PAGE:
The researchers said they also routinely catch adult bull sharks in Mobile Bay and Mississippi Sound, some longer than 6 feet.


Roundup: Climate Science in 2009

For climate science, the year 2009 brought significant discoveries and startling controversies.

Warming goes global

The year started out with some sobering, if not altogether surprising, news: overall, the Antarctic continent is warming. Although some of the Antarctic Peninsula had previously shown rapid warming, parts of the continent - especially near the South Pole - seemed to be unaccountably cooling.

In January, climatologist Eric Steig of the University of Washington in Seattle and colleagues reported (Nature 457, 459 - 462; 2009) that warming was widespread across the continent. Using satellite measurements combined with historical weather station data to interpolate Antarctic temperatures over the last 50 years, they found that the average temperature in West Antarctica had increased 0.1 °C per year. The previous apparent cooling resulted from the fact that prior to the use of satellites, data existed for only a relatively small number of weather stations.

Their findings were backed up by a study published in October. Writing in Geophysical Research Letters (36, L20704; 2009) Liz Thomas and colleagues from the British Antarctic Survey reported that an ice core taken in the southwestern Antarctic Peninsula showed warming of 2.7 °C over the last 50 years.


New Predictions for Sea Level Rise

Fossil coral data and temperature records derived from ice-core measurements have been used to place better constraints on future sea level rise, and to test sea level projections.

The results are published today in Nature Geoscience and predict that the amount of sea level rise by the end of this century will be between 7- 82 cm - depending on the amount of warming that occurs - a figure similar to that projected by the IPCC report of 2007.

Placing limits on the amount of sea level rise over the next century is one of the most pressing challenges for climate scientists. The uncertainties around different methods to achieve accurate predictions are highly contentious because the response of the Greenland and Antarctic ice sheets to warming is not well understood.

Dr Mark Siddall from the University of Bristol, together with colleagues from Switzerland and the US, used fossil coral data and temperature records derived from ice-core measurements to reconstruct sea level fluctuations in response to changing climate for the past 22,000 years, a period that covers the transition from glacial maximum to the warm Holocene interglacial period.

Comment: This is a press release about the study, "Constraints on future sea level rise from paleo reconstructions" as published in the journal Nature Geoscience, which has been retracted in February 2010. See "Climate Scientists Withdraw Journal Claims of Rising Sea Levels" for further detail.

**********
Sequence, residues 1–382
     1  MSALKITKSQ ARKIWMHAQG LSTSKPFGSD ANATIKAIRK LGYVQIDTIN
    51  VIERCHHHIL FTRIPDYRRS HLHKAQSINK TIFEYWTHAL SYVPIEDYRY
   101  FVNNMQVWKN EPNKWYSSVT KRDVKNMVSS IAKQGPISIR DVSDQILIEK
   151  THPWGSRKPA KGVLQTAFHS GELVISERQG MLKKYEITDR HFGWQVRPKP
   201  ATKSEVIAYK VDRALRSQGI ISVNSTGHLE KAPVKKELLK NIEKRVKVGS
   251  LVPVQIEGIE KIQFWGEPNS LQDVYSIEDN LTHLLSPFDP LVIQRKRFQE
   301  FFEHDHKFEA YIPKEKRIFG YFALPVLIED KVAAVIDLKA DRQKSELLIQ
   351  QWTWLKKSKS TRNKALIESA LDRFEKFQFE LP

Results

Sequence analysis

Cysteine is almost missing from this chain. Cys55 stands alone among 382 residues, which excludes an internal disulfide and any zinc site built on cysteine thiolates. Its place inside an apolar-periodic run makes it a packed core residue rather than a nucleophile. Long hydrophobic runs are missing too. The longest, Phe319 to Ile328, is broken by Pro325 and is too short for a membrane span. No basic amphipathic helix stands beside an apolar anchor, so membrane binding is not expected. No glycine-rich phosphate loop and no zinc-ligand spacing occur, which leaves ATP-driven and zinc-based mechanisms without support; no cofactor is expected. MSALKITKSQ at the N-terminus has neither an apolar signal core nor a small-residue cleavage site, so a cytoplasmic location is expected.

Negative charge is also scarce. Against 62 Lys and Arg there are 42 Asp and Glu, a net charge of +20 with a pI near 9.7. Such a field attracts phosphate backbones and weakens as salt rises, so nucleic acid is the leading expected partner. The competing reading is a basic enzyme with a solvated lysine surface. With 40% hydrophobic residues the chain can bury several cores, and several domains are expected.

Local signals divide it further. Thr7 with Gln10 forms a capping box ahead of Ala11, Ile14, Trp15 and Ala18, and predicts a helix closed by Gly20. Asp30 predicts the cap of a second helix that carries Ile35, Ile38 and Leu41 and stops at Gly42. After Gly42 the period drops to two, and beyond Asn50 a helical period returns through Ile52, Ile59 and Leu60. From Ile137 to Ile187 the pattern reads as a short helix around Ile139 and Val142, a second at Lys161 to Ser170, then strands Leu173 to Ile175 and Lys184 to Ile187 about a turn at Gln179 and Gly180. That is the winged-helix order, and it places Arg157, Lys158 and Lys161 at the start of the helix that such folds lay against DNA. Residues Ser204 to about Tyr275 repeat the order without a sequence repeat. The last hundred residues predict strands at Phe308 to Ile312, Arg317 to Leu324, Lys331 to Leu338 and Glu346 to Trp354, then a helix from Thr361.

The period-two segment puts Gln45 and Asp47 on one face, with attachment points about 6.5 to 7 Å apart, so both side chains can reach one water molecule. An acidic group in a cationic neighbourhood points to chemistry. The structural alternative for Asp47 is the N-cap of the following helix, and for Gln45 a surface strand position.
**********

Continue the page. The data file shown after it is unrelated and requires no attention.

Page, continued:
Bizarro Earth

Canada, Quebec: Nun dies in Sherbrooke flooding

Authorities closed major roads into Sherbrooke because of flooding.
Torrential rain over the past two days has caused major flooding across Quebec's Eastern Townships, killing at least one person.

More than 95 millimetres of rain have fallen in the region, which includes the city of Sherbrooke in the last 24 hours, causing nearby rivers to spill their banks.

A 66-year-old Sherbrooke nun plunged to her death Friday morning while trying to track down a leak on her roof. The woman, who lived on Évangéline Street, fell several metres from a ladder as she tried to climb down, according to eyewitnesses.

About 100 people were forced out of their homes because of high water levels in the Saint-François River, which rose to seven metres on Friday.

Transport authorities shut down at least two major arteries into the downtown core, Saint-François North Street and Grandes-Fourches Street because of water accumulation.


Germany: Evacuations begin amid record flooding in Brandenburg

© Unknown
Emergency services in Brandenburg are preparing to evacuate the towns of Elsterwerda and Bad Liebenwerda amid flooding caused by record high water levels on the Elster River, officials said Wednesday.

Students of the Elsterschloss secondary school in Elsterwerda were forced to evacuate the school building on Wednesday, a police spokesman said.

In Bad Liebenwerda, the water level had already exceeded the maximum stage four flood alert by 30 centimetres. According to the state's Environment Ministry, the situation was intensifying in that town, with flood waters spilling over the dykes.

"This is no normal flood. We have the highest-ever measured water levels on the Elster," said ministry head Matthias Freude.

In places the flood waters could no longer be contained, making evacuations unavoidable, he said.

In particular danger was the area around the town of Pulsnitz in Saxony and the Schwarzer Elster River.

More than 800 emergency workers have been deployed and 150,000 sandbags transported to the area to contain the rising water.

The head of Ministry for the Cottbus region, Wolfgang Genehr, described the situation as "extremely critical."